But one often does pay the consequences for sin, even this side of the grave. For example, when young men and women after numerous sexual partners finally decide to marry around the age of 35, they are not as fecund as they were in their 20s. In addition, many have been exposed to sexually transmitted diseases that can lower the capacity easily to get pregnant. As a result, many will find that, by the time they are married, and are finally ready to get pregnant, they cannot reproduce without third-party-assisted reproduction (e.g., in vitro fertilization), thus raising a further cluster of moral concerns. This whole pattern of difficulties engendered by the post-Christian culture’s normative pursuit of self-indulgence has led, among other things, to the demographic challenge currently facing the future of Europe. Europeans are running out of Europeans to pay the taxes for their social-welfare states, because fewer people are willing to take on the cross of having large families.14 After all, cute little babies grow up to be troublesome teenagers. Not only does this economic and demographic state of affairs have significant adverse social and political implications, but at the micro-level it reveals the contrast between those couples who enter into marriage seeking first the kingdom of heaven in order as Christians to  raise many godly children, versus those couples who first seek the kingdoms of this world and then, perhaps as an afterthought, decide to have one or two trophy children. T. S. Eliot in Sweeney Agonistes observes, “Birth, and copulation, and death. That’s all the facts when you come to brass tacks.” How one regards sexuality and having children separates people into quite different life-worlds, different ways of seeing reality. Understandings of sexuality are central to a culture, because they tell the sons and  daughters of Adam and Eve how to relate to each other. They provide what ought to be a cardinal insight into the meaning of humanity before God. The sexual moral problems of our culture are tied to its loss of moral and metaphysical orientation.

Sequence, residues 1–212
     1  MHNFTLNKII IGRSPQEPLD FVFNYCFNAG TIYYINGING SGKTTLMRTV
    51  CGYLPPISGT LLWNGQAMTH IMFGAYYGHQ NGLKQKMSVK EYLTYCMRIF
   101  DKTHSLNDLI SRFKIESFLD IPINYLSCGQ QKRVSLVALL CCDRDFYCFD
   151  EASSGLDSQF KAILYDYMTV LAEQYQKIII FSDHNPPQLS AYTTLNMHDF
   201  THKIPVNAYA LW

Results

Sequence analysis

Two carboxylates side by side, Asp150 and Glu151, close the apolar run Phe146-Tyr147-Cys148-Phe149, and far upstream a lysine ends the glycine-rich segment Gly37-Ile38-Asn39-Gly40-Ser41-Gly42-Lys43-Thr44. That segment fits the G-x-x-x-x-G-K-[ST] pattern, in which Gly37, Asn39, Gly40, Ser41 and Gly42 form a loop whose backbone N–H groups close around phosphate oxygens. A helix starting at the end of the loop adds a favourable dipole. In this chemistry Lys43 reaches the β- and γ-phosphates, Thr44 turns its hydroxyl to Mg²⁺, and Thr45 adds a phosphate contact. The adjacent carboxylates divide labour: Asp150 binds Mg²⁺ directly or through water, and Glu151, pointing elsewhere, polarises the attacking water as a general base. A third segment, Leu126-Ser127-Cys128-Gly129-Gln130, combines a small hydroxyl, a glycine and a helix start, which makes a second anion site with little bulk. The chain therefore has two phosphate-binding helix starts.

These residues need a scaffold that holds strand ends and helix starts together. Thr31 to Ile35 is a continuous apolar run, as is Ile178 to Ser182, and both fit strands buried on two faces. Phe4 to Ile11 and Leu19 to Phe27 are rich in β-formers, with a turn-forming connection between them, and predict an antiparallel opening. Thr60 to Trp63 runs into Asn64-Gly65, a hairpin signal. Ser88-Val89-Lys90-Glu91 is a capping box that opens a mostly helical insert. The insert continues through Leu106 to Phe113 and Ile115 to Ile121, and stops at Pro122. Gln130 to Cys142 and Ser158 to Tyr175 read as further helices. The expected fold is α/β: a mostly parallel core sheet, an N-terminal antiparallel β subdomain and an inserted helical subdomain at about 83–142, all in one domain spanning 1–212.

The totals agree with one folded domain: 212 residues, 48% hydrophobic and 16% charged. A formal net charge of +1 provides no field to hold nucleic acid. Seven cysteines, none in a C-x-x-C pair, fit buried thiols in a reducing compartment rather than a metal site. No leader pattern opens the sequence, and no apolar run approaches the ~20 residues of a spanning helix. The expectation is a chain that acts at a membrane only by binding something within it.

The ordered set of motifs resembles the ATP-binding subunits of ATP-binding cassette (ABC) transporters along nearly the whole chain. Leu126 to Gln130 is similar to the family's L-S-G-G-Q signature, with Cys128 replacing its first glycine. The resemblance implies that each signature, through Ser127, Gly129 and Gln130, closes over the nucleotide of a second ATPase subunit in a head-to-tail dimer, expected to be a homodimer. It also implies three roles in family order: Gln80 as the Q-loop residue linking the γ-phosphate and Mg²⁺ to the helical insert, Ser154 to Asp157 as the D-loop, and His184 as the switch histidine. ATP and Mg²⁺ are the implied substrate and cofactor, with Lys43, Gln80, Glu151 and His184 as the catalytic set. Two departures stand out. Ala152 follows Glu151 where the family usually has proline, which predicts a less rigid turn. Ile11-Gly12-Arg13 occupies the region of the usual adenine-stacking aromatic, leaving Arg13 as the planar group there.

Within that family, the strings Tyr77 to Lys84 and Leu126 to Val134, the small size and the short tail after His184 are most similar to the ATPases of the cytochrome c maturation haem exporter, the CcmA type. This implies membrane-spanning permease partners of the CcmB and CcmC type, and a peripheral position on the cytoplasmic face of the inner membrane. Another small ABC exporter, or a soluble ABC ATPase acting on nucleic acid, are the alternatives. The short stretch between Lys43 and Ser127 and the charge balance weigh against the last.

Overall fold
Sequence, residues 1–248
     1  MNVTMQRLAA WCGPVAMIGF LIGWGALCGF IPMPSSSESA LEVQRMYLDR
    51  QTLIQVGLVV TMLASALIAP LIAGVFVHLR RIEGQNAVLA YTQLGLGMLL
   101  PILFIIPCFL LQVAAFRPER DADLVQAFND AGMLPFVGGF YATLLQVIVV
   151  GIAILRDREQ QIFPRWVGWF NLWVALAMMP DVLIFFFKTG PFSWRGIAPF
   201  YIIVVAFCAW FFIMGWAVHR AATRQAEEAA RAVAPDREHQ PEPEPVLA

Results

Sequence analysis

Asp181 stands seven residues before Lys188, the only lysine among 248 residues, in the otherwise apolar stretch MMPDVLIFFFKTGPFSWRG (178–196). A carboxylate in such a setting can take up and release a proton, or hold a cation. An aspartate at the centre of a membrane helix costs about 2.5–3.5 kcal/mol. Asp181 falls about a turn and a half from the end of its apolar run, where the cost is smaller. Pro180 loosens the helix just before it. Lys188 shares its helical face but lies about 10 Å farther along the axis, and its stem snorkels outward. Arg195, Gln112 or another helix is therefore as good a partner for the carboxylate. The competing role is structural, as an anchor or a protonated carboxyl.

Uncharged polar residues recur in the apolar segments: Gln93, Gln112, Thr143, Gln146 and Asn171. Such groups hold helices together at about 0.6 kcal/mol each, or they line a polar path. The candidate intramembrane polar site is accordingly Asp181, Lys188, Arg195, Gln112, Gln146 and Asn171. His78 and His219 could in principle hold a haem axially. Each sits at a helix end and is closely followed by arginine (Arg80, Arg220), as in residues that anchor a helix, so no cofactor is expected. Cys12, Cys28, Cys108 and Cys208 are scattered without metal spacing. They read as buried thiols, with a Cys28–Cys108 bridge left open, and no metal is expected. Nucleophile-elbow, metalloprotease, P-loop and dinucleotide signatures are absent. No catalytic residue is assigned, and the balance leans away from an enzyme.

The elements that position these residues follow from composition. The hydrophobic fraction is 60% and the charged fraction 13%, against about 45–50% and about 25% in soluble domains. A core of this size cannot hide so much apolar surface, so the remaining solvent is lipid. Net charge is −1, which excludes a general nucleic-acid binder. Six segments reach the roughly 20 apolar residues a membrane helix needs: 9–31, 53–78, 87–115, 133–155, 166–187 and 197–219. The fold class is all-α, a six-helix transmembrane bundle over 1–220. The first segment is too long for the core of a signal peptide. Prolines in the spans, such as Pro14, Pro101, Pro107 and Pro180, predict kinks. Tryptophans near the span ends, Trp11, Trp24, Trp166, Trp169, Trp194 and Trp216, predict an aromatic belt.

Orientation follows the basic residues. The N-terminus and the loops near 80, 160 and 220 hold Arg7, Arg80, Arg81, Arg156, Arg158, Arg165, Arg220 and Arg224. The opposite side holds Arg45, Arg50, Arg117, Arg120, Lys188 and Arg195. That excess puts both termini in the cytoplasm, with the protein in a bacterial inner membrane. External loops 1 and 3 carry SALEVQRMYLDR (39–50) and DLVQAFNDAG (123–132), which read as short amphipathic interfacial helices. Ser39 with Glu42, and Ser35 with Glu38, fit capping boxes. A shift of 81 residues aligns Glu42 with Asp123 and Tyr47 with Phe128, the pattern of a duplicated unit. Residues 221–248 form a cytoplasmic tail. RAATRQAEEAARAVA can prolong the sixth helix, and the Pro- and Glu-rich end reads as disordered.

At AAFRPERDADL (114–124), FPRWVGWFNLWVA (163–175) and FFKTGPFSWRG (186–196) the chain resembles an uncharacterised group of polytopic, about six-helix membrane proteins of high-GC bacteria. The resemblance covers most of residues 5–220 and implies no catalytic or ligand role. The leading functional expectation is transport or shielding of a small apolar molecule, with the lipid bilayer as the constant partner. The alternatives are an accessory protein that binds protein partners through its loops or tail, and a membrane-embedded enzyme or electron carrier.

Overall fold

III. Are Things Really That Bad

But you might say, “dear brother Herman, things are not that bad—surely you are exaggerating matters.” To which I will reply, “Bless you, my brother! You may be right about your own local neighborhood, about your close friends. Maybe it is really not that bad in your small exclave. But you are deceiving yourself if you have children at most of the colleges of our nation. Most college students are in the midst of these culture wars.” Let me try to bring some of these points together in order to emphasize the challenges we face. To begin with, the culture wars are conflicts between different ways of understanding and living life. They are conflicts about which morality and metaphysics should guide our society. Because of the culture wars, we have deep and understandably bitter disagreements in our society about the meaning of human life, community, and the universe. Think about the radical differences that set us as Orthodox Christians apart from the post-Christian, post-traditional culture we confront.